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Posted By: Walt Mathers on: 05/24/2003 01:20:47 EDT
Subject: RE: Libery Code

Message Detail:
Good Morning Eric,

After waiting for others to chime in on your 'Liberty Code' post, my hat is tossed into the ring. I think it always good when one tries his hand (and mind) in developing new codes. The fact is, some of my favourite times have been at un-scripted events, i.e. the tacticals, when we're actually attempting to keep our opponents from comprimising the event codes.

This said, you should be glad to know that you are following in the footsteps of those you've chosen to emulate. The fellows of 1861 not only worked on developing new codes on a regular basis but they also had additional movements or jerks of the flag and pole to indicate other preconcerts. They'd wave the flag in figure eights or whirl it around their heads one way and then the other to indicate different meanings. Of course, these 'additional' movements may have had a changed meaning between one army signal detachment/department to another, or meant somthing one month and something else by the next.... but, as you well know, by the very nature of War, secrecy was the order of the day.

The majority of events our associates attend are along the lines of historical re-creations and, perhaps to a lesser degree, living history demonstrations. We seem to almost universally prefer the late-war two element code over the four element code (much prefered by the original old heads). Those re-enactors in the know can tell the difference when observing someone using the four element code, but 99 percent of spectators haven't a clew what we're doing with our floppings.

Like I said above, you'll always see me excited when I find someone working to improve the standard code we use as I believe that there is no perfect code and anything can be improved upon. Then too, some codes should be modified to fit the needs of a site-specific situation. Perhaps that's what you had in mind?

I have seen your Liberty Hill Signal Detachment roster listed up at:
http://www.bonnieblue.net/Departments/Signals/home.htm

within the page just below your roster is a nice example of a preconcerted code developed by a few of SCARD's early pioneers. It was actually developed over a span of about twenty years. The only exception I have with the code as it is listed on this web page is that it is not drawn up in two columns showing all of the combinations beginning with the numeral "one" in the left hand column and "twos" listed beside them on the right. The placement of the two columns does help get you started finding your decoding combination easier.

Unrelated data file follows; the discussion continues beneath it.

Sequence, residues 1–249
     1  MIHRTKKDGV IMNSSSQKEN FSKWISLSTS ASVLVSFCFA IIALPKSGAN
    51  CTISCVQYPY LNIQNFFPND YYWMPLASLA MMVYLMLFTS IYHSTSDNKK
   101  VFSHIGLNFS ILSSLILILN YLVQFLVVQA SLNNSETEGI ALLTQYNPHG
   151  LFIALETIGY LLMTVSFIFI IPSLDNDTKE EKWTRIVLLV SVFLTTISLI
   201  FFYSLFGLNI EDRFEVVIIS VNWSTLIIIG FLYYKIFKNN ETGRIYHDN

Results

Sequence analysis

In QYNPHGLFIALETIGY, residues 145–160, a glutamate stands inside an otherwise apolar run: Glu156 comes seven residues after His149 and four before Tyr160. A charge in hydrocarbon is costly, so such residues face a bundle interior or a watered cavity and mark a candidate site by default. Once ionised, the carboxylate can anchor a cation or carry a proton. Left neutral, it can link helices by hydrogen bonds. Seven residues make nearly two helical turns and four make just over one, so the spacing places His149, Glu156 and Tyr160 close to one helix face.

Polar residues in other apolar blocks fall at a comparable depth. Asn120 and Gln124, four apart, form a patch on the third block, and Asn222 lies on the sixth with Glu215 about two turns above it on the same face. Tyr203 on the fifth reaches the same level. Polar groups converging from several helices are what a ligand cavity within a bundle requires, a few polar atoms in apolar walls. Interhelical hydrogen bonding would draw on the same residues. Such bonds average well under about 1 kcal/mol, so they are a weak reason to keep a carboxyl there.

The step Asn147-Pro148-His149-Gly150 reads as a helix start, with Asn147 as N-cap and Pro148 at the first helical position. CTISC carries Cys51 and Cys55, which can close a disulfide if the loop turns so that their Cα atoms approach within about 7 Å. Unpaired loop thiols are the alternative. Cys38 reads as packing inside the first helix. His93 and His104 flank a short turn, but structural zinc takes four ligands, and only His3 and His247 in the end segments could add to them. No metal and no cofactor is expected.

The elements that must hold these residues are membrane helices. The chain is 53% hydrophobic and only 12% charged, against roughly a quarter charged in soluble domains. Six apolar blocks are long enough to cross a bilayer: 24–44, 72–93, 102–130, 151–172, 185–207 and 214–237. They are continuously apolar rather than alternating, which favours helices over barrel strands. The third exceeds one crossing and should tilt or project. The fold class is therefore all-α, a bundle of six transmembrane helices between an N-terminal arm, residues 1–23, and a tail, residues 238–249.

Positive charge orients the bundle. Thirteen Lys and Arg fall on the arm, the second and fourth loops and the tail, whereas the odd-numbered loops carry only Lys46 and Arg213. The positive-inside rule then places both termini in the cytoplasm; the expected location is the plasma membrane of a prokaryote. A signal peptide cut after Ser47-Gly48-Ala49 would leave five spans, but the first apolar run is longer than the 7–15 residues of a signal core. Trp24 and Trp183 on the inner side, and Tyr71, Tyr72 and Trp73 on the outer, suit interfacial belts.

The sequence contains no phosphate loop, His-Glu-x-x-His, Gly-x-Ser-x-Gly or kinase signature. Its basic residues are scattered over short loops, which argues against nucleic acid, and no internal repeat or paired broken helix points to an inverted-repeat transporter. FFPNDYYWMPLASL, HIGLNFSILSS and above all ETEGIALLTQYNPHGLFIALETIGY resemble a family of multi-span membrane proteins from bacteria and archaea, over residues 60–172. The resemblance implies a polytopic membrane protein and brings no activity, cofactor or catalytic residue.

Another code group which sees a lot of service is the stutter code. The code is made up of dublets of "AA", "BB", "CC" and so forth. Next to these code letters are normally placed fix'd scenario locations, i.e. red barn, creek, Henry House Hill, fence line, or other features a commander may want to us as focal points. This code also has a great feature allowing you to create new phrases while the guns are still raging. Just send a stutter group which has nothing assigned to it (say... "QQ") followed by "EE". Then spell out the word you want to be represented by the stutter "QQ". When you send
"3.3.3." the word (or phrase if you like), spelled out, is then written in to the space next to "QQ". The next time "QQ" is transmitted in less than a quarter of a minute, the word or phrase is then read and acted upon. Two stutters never change. The one we just mentioned was "EE" and it stands for EQUALS. The second stutter is "MM" and it stands for MEDICAL EMERGENCY.

The medical emergency code should always be a part of a chief signal officer's code packet. This code was developed by Signal Associate and Texas Department Representative Stephen H. Siemsen. We are using version No. 3 at present.

The preconcerted, stutter and medical emergency codes can all be printed on the same sheet of paper (usually eight and one-half by fourteen or legal sized paper) along with a blank pre-concert code printed on the reverse for filling in the who's-who list of scenario players. This is known as the signature code.

All of these codes ought to have control numbers assigned to them so as not to mix or confuse these sheets with others such documents carried along from past events or scenarios. Such mixing has caused the transmission of mis-staments in the past and, needless to say, much embarrassment to the re-enacting signal service.

I hope this explanation helps somewhat.
Walt
5-5-5

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